Clyde Ranch, at Cow Hollow in Juab County, Utah
One of many letters on hillsides in the western states, this large, white block letter Q is above Henderson, Nevada and is for Quinton Robbins who was killed along with 58 others in the mass shooting in Las Vegas in 2017.
It was put near the letter B for Basic High School.
There had been trouble with Indians in the south and central section of the territory, so an edict came out from Brigham Young that each town should build a fort for protection. Early in the spring of 1854 Jesse W. Fox, Church Surveyor, came to Kay’s Ward for the purpose of laying out the fort, which was later to become the center section of the town, about midway between the two main roads. It encompassed approximately 15 square blocks, between what is now Main Street and 600 West and 200 North and 100 South. The Spanish adobe wall was to be built of clay (dug from the outside forming a ditch) which was shoveled by hand into lumber forms. The plan of the wall was five feet at the base, tapering to three feet at the top, with a height of six feet. Each able-bodied man would be assigned to build a certain section of the wall himself or hire it done. Only part of the project was ever finished and that was on the south and west sides. The entrance to the fort was located about where Barnes Bank now stands.*
1925 to 1983
Harding School was named after President Warren G. Harding. Classes started August 1925 with George Fox as the first principal. It was used as an elementary school until May 1968 when Principal James L. Jensen called classes to order for the last time. Price City purchased the property and converted the school into a fire station and multi-use center in 1968. It was torn down in 1983 to make way for the Price City Public Safety Building.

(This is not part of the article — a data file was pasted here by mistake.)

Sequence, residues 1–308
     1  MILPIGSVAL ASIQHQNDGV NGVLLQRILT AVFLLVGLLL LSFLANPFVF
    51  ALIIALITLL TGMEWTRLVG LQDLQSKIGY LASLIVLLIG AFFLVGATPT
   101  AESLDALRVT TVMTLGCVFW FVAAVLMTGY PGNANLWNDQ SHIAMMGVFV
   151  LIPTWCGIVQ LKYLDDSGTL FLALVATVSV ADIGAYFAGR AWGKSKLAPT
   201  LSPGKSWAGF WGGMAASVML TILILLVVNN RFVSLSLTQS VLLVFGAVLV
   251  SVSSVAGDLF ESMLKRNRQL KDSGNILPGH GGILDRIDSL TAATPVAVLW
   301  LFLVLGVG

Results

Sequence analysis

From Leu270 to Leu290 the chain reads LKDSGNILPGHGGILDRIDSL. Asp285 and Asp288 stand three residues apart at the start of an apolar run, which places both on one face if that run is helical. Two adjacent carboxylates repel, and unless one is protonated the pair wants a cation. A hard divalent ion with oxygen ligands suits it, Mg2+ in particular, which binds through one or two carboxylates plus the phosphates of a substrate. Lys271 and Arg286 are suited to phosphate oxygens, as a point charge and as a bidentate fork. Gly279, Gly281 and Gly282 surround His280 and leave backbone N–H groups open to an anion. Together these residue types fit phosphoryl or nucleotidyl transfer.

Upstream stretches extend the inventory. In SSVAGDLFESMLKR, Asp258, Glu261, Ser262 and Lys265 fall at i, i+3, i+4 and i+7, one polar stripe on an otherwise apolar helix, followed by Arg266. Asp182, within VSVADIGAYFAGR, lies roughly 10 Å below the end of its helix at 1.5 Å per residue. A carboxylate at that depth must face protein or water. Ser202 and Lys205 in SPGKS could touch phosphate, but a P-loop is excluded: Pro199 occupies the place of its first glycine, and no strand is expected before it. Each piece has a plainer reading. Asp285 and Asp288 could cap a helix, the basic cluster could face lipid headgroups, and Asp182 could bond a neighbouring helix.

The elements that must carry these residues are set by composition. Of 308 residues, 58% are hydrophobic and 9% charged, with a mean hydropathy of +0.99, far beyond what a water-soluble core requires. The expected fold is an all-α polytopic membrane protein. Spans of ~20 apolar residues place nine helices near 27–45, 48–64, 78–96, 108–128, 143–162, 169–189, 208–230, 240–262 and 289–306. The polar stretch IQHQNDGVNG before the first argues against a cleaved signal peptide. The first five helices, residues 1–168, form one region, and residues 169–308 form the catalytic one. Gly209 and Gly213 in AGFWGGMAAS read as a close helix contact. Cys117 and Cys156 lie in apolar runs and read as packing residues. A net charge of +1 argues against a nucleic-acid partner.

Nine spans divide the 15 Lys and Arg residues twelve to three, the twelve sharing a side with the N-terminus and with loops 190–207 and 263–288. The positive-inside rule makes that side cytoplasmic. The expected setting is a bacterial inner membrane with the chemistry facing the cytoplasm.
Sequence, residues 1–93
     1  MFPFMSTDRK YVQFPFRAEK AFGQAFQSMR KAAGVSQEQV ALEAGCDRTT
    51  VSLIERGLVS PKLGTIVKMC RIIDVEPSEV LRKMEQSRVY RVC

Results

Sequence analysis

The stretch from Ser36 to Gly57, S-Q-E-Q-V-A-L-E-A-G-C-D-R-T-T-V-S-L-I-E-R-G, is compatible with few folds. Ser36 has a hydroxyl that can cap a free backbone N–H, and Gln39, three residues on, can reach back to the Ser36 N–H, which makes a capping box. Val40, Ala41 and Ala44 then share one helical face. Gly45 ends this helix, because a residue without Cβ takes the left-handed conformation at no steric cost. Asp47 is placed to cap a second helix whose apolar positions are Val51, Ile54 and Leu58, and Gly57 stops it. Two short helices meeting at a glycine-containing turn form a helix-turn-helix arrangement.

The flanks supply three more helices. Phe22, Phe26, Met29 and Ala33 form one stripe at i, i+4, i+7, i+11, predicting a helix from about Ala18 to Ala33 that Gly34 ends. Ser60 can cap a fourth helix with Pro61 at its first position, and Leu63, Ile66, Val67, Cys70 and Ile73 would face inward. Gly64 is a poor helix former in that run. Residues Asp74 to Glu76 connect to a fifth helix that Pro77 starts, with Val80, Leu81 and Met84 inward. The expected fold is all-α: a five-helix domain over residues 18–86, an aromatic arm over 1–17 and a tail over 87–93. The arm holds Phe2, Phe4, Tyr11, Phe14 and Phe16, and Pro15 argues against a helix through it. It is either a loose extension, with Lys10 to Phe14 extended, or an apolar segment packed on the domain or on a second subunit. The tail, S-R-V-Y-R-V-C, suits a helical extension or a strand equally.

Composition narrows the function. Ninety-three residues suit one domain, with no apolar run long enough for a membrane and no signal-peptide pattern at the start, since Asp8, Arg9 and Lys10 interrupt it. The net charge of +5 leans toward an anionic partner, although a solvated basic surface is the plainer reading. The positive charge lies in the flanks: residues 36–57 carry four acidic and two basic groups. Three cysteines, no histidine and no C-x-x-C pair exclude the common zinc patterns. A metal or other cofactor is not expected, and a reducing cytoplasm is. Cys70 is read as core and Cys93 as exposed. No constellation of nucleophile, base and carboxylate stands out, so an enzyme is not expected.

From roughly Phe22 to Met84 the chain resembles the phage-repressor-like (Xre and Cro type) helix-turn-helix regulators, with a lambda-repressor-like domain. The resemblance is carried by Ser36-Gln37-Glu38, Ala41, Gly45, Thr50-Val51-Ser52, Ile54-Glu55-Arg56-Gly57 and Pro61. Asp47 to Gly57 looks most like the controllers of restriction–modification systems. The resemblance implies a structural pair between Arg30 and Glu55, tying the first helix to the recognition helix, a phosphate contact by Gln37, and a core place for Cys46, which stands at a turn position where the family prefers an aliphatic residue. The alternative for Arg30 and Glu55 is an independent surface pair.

Dedicated July 14, 1984 By Utah Outpost Mountain Charlie Chapter No. 1850 E Clampus Vitus
This monument is located at 87 North 200 East in Price, Utah
1021 West 800 North in Provo, Utah
The chapel in Beaver Dam, Utah was built in 1898.
The Founders’ Rescue Wagon
Faced with the Herculean challenge of deep, early winter snows and a legal deadline to complete the first building for the Branch Normal School within eight months, the founders of Southern Utah University pursued this seemingly impossible goal with inspired determination.
On the morning of January 5, 1898, a party left Cedar City for the Heber Jenson Saw Mill, located at Mammoth Creek on Cedar Mountain, some 30 miles from the campus. The group intended to haul out 15,000 board feet of lumber that had been cut and left at the mill the previous fall – lumber which would be used to construct the framework of Old Main. After three grueling days on the trail, the men managed to reach the mill and load their wagons; but heavy snows forced them to abandon the precious lumber.
In danger of surrendering for good the right to host the school, five men remained on the mountain to dig out the wagons while the others returned to town to stock up on provisions and enlist additional help. Digging foot by foot through the drifts, the men worked their steady way home – and on January 11, the wagons arrived in Cedar City with the first load of lumber. The Branch Normal School had been rescued.
This original wagon, recently restored, was used to haul logs from the forest to the saw mill, and was among several that saved the school for the people of Cedar City. Its design points to its use in handling heavy logs in winter conditions, with its protected hubs and spokes, its heavier running gear, and its braking system, which allowed the driver to perch on the logs and operate the brake by foot pedal while leaving his hands free to manage the teams.
This vivid reminder of the Founders’ courage and sacrifice was donated to the Cedar City Chapter of the Sons of Utah Pioneers by the Jack Jenson family, and then by SUP to Southern Utah University. Preservation and restoration work was completed by Blaine Allan of SUP.